The Navajo-Churro sheep is a breed of domestic sheep from United States. It is also called by some other names such as American or Navajo Four-Horned or just Churro for short.
It was originated with the Spanish Churra Sheep obtained by Navajo, Hopi and other Native American nations around the 16th century during the Spanish Conquest.
The breed was actually developed from a cross between the Jacob and the Churra sheep.
During the 16th century the Churra sheep was first imported to North America, and used to feed Spanish armies and settlers.
And the Churros became popular with the Spanish settlers in the upper Rio Grande Valley by the seventeenth century. And through trading, some flocks of Churros were also acquired by the Navajo.
During that time the Churro soon became a very important part of the Navajo economy and culture.
However, total number of the Navajo-Churro sheep is very less today and considered as a rare breed, but it is no longer in danger of extinction. Read some more information about this breed below.
Navajo-Churro Sheep Characteristics
Navajo-Churro sheep are a medium sized animal with a narrow body and light bones. They are found in several colors. Their main color includes blue, brown, black, red, silver, spotted and white.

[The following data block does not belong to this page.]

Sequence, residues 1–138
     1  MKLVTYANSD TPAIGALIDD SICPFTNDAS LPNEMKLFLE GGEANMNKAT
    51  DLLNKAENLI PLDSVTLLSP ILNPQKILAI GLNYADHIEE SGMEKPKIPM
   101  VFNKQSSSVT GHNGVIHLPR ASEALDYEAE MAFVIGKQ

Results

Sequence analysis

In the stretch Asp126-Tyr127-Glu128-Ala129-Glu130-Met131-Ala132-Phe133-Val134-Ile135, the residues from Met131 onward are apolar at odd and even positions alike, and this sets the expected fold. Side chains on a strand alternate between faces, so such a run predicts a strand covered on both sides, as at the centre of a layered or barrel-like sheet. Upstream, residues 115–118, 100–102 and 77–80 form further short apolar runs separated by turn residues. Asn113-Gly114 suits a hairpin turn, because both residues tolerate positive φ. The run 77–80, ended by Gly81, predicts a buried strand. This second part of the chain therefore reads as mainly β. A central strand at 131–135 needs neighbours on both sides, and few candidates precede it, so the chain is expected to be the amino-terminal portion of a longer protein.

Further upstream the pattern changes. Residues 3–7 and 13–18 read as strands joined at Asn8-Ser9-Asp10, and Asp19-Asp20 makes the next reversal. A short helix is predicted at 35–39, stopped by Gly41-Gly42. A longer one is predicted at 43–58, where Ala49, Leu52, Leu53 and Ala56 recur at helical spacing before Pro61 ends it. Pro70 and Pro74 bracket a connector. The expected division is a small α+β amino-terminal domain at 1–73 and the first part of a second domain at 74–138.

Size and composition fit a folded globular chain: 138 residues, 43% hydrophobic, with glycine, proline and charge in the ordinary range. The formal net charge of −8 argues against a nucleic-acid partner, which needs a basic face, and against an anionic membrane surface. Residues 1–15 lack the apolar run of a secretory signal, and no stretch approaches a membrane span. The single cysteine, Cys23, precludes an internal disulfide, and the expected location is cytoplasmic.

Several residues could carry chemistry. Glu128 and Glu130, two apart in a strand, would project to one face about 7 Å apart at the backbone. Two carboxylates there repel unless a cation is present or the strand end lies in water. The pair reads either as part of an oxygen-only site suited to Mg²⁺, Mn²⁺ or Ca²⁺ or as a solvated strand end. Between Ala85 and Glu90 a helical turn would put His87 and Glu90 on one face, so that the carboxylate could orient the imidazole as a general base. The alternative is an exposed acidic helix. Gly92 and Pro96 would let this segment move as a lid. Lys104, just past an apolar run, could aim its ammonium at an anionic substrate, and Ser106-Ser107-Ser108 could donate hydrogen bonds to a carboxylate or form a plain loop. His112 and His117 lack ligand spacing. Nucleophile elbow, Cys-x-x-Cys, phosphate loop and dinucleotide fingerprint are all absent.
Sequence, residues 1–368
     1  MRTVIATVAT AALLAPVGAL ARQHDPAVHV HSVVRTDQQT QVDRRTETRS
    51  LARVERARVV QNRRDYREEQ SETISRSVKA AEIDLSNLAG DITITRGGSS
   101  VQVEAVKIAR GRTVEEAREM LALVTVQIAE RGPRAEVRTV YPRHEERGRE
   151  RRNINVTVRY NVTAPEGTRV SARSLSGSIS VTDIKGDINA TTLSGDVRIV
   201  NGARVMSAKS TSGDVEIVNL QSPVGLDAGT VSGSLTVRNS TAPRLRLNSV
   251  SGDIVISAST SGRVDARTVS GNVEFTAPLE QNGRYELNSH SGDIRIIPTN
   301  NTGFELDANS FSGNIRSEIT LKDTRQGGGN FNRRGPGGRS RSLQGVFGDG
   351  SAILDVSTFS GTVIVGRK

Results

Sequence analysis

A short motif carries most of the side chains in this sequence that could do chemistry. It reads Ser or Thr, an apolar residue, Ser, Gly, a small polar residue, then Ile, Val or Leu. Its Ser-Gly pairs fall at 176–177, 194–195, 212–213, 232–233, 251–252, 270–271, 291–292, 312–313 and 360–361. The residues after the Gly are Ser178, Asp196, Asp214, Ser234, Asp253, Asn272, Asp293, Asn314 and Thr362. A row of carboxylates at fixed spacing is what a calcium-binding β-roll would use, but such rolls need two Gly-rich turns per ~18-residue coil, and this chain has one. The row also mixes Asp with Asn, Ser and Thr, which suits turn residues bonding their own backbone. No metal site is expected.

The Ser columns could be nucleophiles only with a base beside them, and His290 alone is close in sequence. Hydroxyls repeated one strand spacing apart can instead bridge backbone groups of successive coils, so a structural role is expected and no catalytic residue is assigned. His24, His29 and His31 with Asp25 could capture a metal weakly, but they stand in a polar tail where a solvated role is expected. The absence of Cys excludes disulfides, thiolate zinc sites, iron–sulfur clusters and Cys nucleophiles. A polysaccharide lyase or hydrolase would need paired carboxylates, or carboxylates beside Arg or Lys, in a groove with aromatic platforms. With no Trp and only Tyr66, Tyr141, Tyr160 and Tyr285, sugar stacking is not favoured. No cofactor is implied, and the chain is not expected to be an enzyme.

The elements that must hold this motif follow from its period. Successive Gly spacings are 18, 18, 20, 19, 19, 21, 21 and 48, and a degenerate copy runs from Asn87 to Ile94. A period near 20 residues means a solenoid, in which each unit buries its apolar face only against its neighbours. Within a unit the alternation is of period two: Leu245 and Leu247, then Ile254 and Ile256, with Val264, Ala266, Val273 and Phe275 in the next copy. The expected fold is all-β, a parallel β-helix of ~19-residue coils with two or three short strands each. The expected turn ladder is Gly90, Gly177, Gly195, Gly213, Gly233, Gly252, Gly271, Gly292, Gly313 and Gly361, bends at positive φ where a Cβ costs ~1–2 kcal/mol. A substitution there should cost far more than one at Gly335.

They can also appear in different patterns, with badger face pattern are common. They have long legs, and both rams and ewes are usually horned. They may have two or four horns. And the rams can have 2, 4, 6 or even more horns.
This is because they possess the polycerate gene, which is also found in old heritage sheep breeds like the Jacob Sheep.
They also have the ability to have fused horns. They have a double coated fleece that weights 4-6 lbs. The fine, soft inner coat provides insulation, and the long, coarse outer coat protects the inner coat from dust and dirt while repelling rain and snow. The fleece is low in grease, which makes it easy to process.
Average live body weight of the mature Navajo-Churro rams is between 72 and 90 kg. And average live body weight of the mature ewes vary from 45 to 54 kg. Photo and info from The Livestock Conservancy and Wikipedia.
Navajo-Churro sheep are dual-purpose animals. They are raised for both meat and wool production.
The Navajo-Churro sheep are very hardy and active animals. They are relatively docile in terms of temperament, and some say they are also very personable.
They are well adapted to the adverse conditions found in hot, dry deserts and sub-zero climates. They are noted for their prolificacy.
The ewes are excellent mothers, and the lambs are easily born and vigorous. These animals are also noted for their low-maintenance reputation, resistance to diseases and also for lean meat.
However, review full breed profile of the Navajo-Churro sheep in the following chart.
|Also called by some other names such as American or Navajo Four-Horned or just Churro for short
|Meat and wool
|Very hardy and strong animals, well adapted to extremes of climate, docile, very personable, noted for their prolificacy, the ewes are excellent mothers, lambs are easily born and vigorous, noted for their low maintenance reputation, resistance to diseases, produce lean meat
|Ewes weight between 45 and 54 kg, and mature ram’s weight vary from 72 to 90 kg
|Many, but the common colors are blue, black, brown, red, silver, spotted and white
|Country/Place of Origin